The New Jersey Medical Care Access and Responsibility and Patients First Act (the Act), N.J.S.A. 2A:53A-37 to -42, was enacted in 2004 and governs medical malpractice actions arising after July 7, 2004. L. 2004, c. 17, § 33. It codified, among other things, "the qualifications which must be possessed by an individual who is proffered to give expert testimony in a medical malpractice action or to execute an affidavit of merit . . . ." N.J. State Bar Ass'n v. State, 387 N.J. Super. 24, 39 (App. Div.) (upholding the validity of N.J.S.A. 2A:53A-41), certif. denied, 188 N.J. 491 (2006).
N.J.S.A. 2A:53A-41 provides, in relevant part, that:
In an action alleging medical malpractice, a person shall not give expert testimony or execute an affidavit . . . on the appropriate standard of practice or care unless the person is licensed as a physician or other health care professional in the United States and meets the following criteria:
a. If the party against whom . . . the testimony is offered is a specialist or subspecialist recognized by the American Board of Medical Specialties or the American Osteopathic Association and the care or treatment at issue involves that specialty or subspecialty recognized by the American Board of Medical Specialties or the American Osteopathic Association, the person providing the testimony shall have specialized at the time of the occurrence that is the basis for the action in the same specialty or subspecialty, recognized by the American Board of Medical Specialties or the American Osteopathic Association, as the party against whom or on whose behalf the testimony is offered, and if the person against whom . . . the testimony is being offered is board certified and the care or treatment at issue involves that board specialty or subspecialty recognized by the American Board of Medical Specialties or the American Osteopathic Association, the expert witness shall be:
(1) a physician credentialed by a hospital to treat patients for the medical condition, or to perform the procedure, that is the basis for the claim or action; or
(2) a specialist or subspecialist recognized by the American Board of Medical Specialties or the American Osteopathic Association who is board certified in the same specialty or subspecialty, recognized by the American Board of Medical Specialties or the American Osteopathic Association, and during the year immediately preceding the date of the occurrence that is the basis for the claim or action, shall have devoted a majority of his professional time to either:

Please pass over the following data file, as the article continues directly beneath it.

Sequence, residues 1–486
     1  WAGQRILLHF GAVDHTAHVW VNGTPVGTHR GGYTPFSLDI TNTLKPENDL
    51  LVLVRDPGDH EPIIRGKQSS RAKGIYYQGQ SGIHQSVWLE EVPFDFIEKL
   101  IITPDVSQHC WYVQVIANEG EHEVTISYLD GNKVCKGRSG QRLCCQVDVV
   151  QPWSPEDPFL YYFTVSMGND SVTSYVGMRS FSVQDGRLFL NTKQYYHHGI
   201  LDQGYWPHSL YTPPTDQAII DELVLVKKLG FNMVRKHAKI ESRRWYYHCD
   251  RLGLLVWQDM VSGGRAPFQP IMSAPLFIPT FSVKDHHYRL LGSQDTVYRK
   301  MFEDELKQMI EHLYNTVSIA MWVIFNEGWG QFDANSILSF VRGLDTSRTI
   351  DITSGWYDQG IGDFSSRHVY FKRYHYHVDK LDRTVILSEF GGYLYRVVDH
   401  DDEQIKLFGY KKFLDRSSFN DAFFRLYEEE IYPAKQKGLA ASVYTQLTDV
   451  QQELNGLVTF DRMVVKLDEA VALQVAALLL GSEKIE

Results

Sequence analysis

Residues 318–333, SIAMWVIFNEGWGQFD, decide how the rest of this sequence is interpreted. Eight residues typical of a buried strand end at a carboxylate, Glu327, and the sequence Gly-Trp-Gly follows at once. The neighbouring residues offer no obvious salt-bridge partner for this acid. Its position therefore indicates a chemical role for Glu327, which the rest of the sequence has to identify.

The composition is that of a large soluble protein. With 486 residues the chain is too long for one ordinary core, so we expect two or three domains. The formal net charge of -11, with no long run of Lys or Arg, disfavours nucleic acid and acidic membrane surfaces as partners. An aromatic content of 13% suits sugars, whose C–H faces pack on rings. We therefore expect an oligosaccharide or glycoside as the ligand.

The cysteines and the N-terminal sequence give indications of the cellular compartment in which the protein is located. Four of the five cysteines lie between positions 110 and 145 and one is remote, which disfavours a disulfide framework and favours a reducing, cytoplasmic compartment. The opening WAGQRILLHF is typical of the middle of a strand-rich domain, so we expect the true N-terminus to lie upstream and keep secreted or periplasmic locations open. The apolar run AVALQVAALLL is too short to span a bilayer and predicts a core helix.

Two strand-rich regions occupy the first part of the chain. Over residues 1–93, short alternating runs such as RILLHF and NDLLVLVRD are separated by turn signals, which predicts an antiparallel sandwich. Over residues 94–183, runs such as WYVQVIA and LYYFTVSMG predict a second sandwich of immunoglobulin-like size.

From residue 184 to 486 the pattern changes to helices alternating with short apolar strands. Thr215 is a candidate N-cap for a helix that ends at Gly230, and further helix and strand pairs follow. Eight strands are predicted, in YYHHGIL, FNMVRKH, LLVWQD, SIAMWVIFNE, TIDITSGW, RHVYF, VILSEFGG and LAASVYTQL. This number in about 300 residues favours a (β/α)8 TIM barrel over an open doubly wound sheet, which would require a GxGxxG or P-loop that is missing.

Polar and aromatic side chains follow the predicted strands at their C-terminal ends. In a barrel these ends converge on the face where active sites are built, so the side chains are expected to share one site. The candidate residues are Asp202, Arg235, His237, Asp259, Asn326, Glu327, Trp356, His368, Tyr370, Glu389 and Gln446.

(a) the active clinical practice of the same health care profession in which the defendant is licensed, and, if the defendant is a specialist or subspecialist recognized by the American Board of Medical Specialties or the American Osteopathic Association, the active clinical practice of that specialty or subspecialty recognized by the American Board of Medical Specialties or the American Osteopathic Association; or
(b) the instruction of students in an accredited medical school, other accredited health professional school or accredited residency or clinical research program in the same health care profession in which the defendant is licensed, and, if that party is a specialist or subspecialist recognized by the American Board of Medical Specialties or the American Osteopathic Association, an accredited medical school, health professional school or accredited residency or clinical research program in the same specialty or subspecialty recognized by the American Board of Medical Specialties or the American Osteopathic Association; or
(c) both. [N.J.S.A. 2A:53A-41 (emphasis added).]
As more succinctly stated in New Jersey State Bar Ass'n, supra, [i]f the party against whom . . . the proposed expert is testifying is a specialist or subspecialist recognized by the American Board of Medical Specialties or the American Osteopathic Association and if the care or treatment at issue in the action involves that specialty or subspecialty, then the proposed expert must have specialized at the time of the occurrence in that same specialty or subspecialty. Further, if the party against whom . . . the proposed expert is testifying is board certified and the care or treatment at issue involves that board specialty or subspecialty, the proposed expert witness must either be credentialed by a hospital to handle the treatment or procedure in question or be board certified in the same specialty and during the year immediately prior to the occurrence in question, have devoted a majority of his or her professional time to either active clinical practice in that area or teaching in that area in an accredited medical school.
[387 N.J. Super. at 39 (citation omitted).]
The Act allows for waiver of these requirements in certain circumstances. See N.J.S.A. 2A:53A-41(c). Such waiver can only be granted if the party seeking waiver files a motion and demonstrates the inability to locate an expert of the same specialty or subspecialty. Ibid. Plaintiff did not seek such a waiver here.
In Buck v. Henry, 207 N.J. 377 (2011), the Court reviewed the requirements of N.J.S.A. 2A:53A-41 in the context of compliance with the affidavit of merit component. Thus, although not directly related to the issue we confront here, the basic principle that drove the Court's analysis in Buck animates our analysis here: "'[T]he challenging expert' who executes an affidavit of merit in a medical malpractice case, generally, should 'be equivalently-qualified to the defendant' physician." Id. at 389 (quoting Ryan v. Renny, 203 N.J. 37, 52 (2010)).
Here the trial court correctly determined that Dr. Borden did not meet the qualifications under the Act to offer an opinion on the work performed by Dr. Denehy. As Dr. Borden candidly admitted, the standard of care in this State requires a gynecologist to refer a patient needing a para-aortic dissection to a gynecologic oncologist, a recognized subspecialty of gynecology. As a "generalist," without both the required board certification or clinical experience, Dr. Borden is not competent to review and opine on a procedure performed by Dr. Denehy under extremely difficult surgical conditions.